Ransomware is a crippling, vicious attack with devastating consequences for corporations and small business owners alike. What steps should you take if your company is being held hostage by ransomware?
Ransomware has become a global threat, attacking some of the world’s largest companies, including Merck, Federal Express and much more. Businesses of all sizes are at risk of ransomware like Wannacry, Petya and now the recently named ExPetr. With ransomware, digital files are virtually “stolen,” and a monetary ransom is demanded before the files are restored or returned. Ransomware is a crippling, vicious attack with devastating consequences for corporations and small business owners alike. What steps should you take if your company is being held hostage by ransomware?
Being hit by ransomware isn’t shameful. Some of the most powerful corporations have been victims of attacks like these. The hackers behind these malicious viruses have a predatory and sophisticated methodology that even savvy business owners can fall prey to. If your company is being held by ransomware, you should report it to the proper authorities without delay. In the case of ransomware, the FBI wants to hear about it first. From the FBI’s website, the FBI wants you to “contact your local FBI field office and report the incident to the Bureau’s Internet Crime Complaint Center.”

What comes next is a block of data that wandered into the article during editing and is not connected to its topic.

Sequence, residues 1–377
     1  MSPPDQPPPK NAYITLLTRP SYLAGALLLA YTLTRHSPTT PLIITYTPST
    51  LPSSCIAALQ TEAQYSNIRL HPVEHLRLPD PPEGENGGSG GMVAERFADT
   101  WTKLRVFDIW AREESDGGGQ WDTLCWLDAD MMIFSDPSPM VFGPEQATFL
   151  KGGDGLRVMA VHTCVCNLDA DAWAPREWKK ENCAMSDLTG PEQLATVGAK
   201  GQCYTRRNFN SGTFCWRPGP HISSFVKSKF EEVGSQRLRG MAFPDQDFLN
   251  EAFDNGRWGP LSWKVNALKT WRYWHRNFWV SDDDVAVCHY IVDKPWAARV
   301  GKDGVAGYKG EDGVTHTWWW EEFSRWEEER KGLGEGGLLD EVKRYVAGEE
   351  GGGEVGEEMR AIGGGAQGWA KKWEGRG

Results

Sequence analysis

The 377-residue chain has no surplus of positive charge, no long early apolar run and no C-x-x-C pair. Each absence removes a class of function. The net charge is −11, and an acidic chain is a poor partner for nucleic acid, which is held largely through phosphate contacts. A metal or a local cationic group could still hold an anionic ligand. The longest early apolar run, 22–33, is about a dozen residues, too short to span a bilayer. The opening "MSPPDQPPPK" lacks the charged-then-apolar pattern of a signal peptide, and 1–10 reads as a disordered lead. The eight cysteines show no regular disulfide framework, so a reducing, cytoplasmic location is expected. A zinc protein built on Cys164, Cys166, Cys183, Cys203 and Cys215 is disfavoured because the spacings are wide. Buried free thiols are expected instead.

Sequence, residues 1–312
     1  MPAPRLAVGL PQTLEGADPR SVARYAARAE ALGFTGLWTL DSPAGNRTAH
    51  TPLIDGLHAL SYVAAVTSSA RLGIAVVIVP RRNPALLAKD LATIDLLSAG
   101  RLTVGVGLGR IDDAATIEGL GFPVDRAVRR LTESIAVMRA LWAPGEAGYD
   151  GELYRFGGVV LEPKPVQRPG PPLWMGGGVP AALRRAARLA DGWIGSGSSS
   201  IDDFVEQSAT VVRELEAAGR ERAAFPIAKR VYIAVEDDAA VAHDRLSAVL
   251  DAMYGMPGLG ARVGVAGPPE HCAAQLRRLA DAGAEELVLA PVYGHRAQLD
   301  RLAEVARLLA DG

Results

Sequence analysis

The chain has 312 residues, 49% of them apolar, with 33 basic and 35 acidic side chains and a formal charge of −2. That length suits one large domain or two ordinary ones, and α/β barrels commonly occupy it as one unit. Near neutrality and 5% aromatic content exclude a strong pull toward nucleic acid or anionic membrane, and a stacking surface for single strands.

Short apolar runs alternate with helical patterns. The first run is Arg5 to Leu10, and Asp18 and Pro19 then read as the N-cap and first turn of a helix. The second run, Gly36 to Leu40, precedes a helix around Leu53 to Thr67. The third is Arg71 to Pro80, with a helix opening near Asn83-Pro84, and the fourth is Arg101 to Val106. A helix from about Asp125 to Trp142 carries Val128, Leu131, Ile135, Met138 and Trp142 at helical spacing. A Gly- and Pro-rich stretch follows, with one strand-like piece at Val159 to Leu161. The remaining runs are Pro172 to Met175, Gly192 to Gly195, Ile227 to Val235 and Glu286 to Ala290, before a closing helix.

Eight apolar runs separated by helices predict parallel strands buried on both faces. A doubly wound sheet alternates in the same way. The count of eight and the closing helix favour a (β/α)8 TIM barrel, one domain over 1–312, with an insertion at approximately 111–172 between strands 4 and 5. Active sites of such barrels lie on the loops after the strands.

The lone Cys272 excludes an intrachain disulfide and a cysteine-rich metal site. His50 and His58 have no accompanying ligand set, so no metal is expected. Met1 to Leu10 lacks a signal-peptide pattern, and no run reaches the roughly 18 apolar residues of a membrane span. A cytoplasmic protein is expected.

Reporting your incidence of a ransomware attack helps authorities and other companies deal with this growing threat. First, when you duly report the incident, authorities may be able to spot a pattern or a means by which the hacker was able to commit the crime. Information about your case will be compounded with other reports to formulate possible causes, means, and solutions. Your honest and timely report may help solve a cyber crime.
Second, when you report what happened, other companies can be forewarned. The more cases like yours can get talked about, the more likely it is that future attacks will be unsuccessful. Think of it as if a predator were lurking on your street. You’d want to let your neighbors know about it so they can take precautionary steps, right? It’s the same with ransomware attacks. The more people you can let know and warn, the fewer victims there will be.
Alert Your Service Provider
If your company has been the victim of a cyber attack of ransomware, the perpetrators had to at one point go through the door of your service provider. While it can’t be surmised that the breach occurred at the service provider’s level, they do need to be alerted as to the breach.
Your service provider has an obligation to take precautionary steps against cyber attacks. If their steps aren’t sufficient, and your company is being held hostage by ransomware, your service provider will want to know about. They don’t want their other customers to become victims as well. The sooner you can alert them, the faster they can take swift action to protect current and future customers from similar breaches.
Contain the Malware